African Queen was adapted for the soundtrack of a Hollywood movie, MO Fat Girls, earning the artiste millions of naira. The high point of that period was his endorsement deal with Guinness as it moved to unleash a new brand on Nigerians. The brand decided to buy into his brand credibility by making him the face of Guinness Extra Smooth. According to unconfirmed sources, the deal was worth millions of dollars. It was the first of its kind in the country.

As a testament to the fact that he had arrived, 2face acquired a Lincoln Navigator, which was a status symbol SUV at the time.

Still basking in the euphoria of success, he moved to release his sophomore album, Grass to Grace, which was another huge success. It had tracks like

One Love, No Shakin, I Dey Feel Like, See Me So, E Be Like Say, True Love, 4 Instance, If Love Is A Crime, Ocho and My Love, among others. He was the first to win an international award and after him came the D’banjs, the 9ices and others. This was an attestation to his pioneering role on the contemporary Nigerian music scene.

If he had a penchant for making hits, he also had a penchant for attracting men of the underworld to himself. Within a span of three years, he was attacked three times.

Just as his debut album was picking up in August 2004, Nigerians awoke to the shocking news of his attack by armed robbers and how he sustained serious injuries from machete cuts inflicted on him in his home in Amuwo Odofin, Lagos. For weeks, the nation held its breath as rumour spread that he was in critical condition and might be flown abroad for treatment. In a show of love, Nigerians reached out to him and women openly wept. Fans besieged and camped outside Cedar Hospital, Festac Town, for days waiting to catch a glimpse of their star as he lay recuperating from injuries sustained during the attack.

However, it was a blessing in disguise as this soon transformed into sales of over a million copies of his debut effort.

Again, in October 2007, he was attacked by gunmen as he returned from the UK having clinched the MOBO Awards for Best African act for that year.

The media was abuzz! “2face Attacked by Armed Robbers, Armed Robbers Open Fire on 2face, 2face Dodges Armed Robber Bullets and 2face Escapes Death” dominated newspaper headlines the next day. Worried, friends and fans had tried to reach him in vain and a new dimension was added to the drama when it was reported that the singer was seriously wounded and might even die! Some sources even claimed that it was actually assassins that attacked him. There was an overwhelming outpouring of goodwill messages in newspaper reports. Ex Vice President, Atiku Abubakar reached out to him and prayed for his quick recovery. On his part, Lagos State Governor, Raji Fashola is rumoured to have picked up the tab for his treatment at an expensive hospital in Lagos. It was another blessing in disguise as this transmitted into sales running into millions of copies for Grass To Grace, his sophomore effort. The artiste couldn’t have had it better as Kennis Music smiled to the bank. Only an icon could have evoked such outpouring of love.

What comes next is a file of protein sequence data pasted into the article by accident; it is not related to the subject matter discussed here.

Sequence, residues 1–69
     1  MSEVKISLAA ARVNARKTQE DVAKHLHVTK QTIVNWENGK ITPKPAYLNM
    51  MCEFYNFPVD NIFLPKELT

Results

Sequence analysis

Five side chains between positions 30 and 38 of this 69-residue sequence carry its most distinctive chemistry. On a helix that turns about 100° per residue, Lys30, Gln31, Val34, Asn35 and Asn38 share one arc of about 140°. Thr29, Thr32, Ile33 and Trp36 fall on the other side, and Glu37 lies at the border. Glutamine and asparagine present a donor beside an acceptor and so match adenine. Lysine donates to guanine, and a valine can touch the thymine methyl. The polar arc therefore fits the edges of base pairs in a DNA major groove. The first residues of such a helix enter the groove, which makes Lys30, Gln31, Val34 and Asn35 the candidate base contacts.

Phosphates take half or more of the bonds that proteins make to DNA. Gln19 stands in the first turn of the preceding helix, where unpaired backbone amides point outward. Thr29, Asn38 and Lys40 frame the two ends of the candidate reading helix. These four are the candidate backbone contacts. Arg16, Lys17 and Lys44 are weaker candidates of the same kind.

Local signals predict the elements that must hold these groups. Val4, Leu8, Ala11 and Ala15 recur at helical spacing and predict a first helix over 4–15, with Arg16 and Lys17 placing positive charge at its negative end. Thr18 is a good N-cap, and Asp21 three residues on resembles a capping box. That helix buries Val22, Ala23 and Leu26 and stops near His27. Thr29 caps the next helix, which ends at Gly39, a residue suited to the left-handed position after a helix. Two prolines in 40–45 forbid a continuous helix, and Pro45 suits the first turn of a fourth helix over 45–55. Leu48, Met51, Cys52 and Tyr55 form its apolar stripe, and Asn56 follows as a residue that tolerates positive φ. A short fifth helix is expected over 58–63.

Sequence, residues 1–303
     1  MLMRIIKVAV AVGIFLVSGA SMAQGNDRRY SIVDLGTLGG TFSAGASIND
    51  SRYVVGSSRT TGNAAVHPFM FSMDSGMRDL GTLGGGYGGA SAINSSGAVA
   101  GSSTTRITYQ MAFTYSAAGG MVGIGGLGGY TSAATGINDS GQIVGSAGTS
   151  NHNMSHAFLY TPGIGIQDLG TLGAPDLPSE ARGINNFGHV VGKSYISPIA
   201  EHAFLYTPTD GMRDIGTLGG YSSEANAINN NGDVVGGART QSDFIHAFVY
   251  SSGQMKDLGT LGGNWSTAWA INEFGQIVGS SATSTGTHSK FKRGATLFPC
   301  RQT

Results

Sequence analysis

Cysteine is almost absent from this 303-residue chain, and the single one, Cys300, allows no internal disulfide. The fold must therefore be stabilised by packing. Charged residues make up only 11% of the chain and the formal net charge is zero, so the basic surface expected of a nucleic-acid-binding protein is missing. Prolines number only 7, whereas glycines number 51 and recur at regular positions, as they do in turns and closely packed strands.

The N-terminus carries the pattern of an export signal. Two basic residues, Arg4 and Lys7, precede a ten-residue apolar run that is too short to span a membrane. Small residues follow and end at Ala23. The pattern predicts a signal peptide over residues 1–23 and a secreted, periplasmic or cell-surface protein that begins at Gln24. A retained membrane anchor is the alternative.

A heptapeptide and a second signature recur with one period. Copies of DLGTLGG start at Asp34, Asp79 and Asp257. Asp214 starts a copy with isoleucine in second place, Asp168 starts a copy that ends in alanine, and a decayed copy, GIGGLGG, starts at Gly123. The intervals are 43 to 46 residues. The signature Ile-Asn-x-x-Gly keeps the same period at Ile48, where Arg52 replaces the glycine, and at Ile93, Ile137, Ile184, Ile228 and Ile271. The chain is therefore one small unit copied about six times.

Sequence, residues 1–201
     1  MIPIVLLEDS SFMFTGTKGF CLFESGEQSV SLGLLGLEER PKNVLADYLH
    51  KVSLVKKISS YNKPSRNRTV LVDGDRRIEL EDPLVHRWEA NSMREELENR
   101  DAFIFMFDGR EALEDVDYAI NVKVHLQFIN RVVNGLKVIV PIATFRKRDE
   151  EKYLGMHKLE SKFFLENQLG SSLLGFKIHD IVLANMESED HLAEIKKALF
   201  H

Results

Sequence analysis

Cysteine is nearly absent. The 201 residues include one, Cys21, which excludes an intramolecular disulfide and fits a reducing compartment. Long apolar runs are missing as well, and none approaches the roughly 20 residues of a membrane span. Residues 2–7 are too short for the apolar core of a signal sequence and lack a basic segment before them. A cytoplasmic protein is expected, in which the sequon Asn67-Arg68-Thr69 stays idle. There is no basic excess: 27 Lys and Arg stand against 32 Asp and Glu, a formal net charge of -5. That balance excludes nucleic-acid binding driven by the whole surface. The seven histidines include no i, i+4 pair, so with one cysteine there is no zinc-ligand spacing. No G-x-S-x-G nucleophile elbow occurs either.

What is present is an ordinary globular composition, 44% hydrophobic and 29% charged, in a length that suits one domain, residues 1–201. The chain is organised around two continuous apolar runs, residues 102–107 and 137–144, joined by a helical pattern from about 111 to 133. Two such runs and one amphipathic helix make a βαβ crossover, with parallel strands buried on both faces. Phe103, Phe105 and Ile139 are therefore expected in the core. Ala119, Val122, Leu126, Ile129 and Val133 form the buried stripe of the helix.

Hell was let loose again in Lagos on the night of January 31, 2008, as he was again a victim of armed robbers who dispossessed him of his Range Rover SUV. Unlike past experiences, where he was shot and badly injured, he only got a couple of slaps!

The way the cookie crumbles…

By the end of 2007, 2face was as fit as the USS Missouri and it would seem like nothing could sink him.

However, the very forces that made him went into reverse thrust. With the fame came women in their numbers and Innocent Idibia was a sinner! With irresistible looks that could kill, these girls were not only attracted to him; they were ready to do anything for a roll in the hay.

For these women, 2face was an obsession!

As much as African Queen saw the mighty rise of 2face, it could also be said that it was the bedrock of his fall! Women wanted to have him for their own; for keeps! They would do anything to touch his sleeves or have him spare them a glance.

With a number of women claiming to be pregnant for him, 2face, who had once been linked to actresses like Vien Tetsola and Caroline Ekanem, raised the bar when he got three women pregnant at the same time! And the media, always looking for sleaze, latched onto it.
Beginning with Sumbo Ajaba, who has two kids for him, the attention shifted to Pero Adeniyi, who had a daughter and a son for him. Nigerians had scarcely taken in the news when it emerged that Annie Macaulay was heavily pregnant for him. Though she lost the pregnancy in a crash, today, she is the proud mother of his daughter, Isabella.

This triggered a series of negative reports in the media depicting the singer as a flagrant skirt-chaser.

Mothers who once sang the praises of 2face began to warn their daughters against being obsessed with him and men of his kind. The man once referred to as a gift to women became a curse to them.

Overnight, he became the butt of jokes as comedians cashed in on the situation to sell themselves to the public. The name Innocent became a synonym for bed-hopping, and the popular pidgin saying on the street was: ‘If you dey look for pikin, go meet 2face.’

According to unconfirmed reports, though he was the most popular Nigerian act in the world at the time, he lost out on Glo Ambassadorship due to his bedding prowess.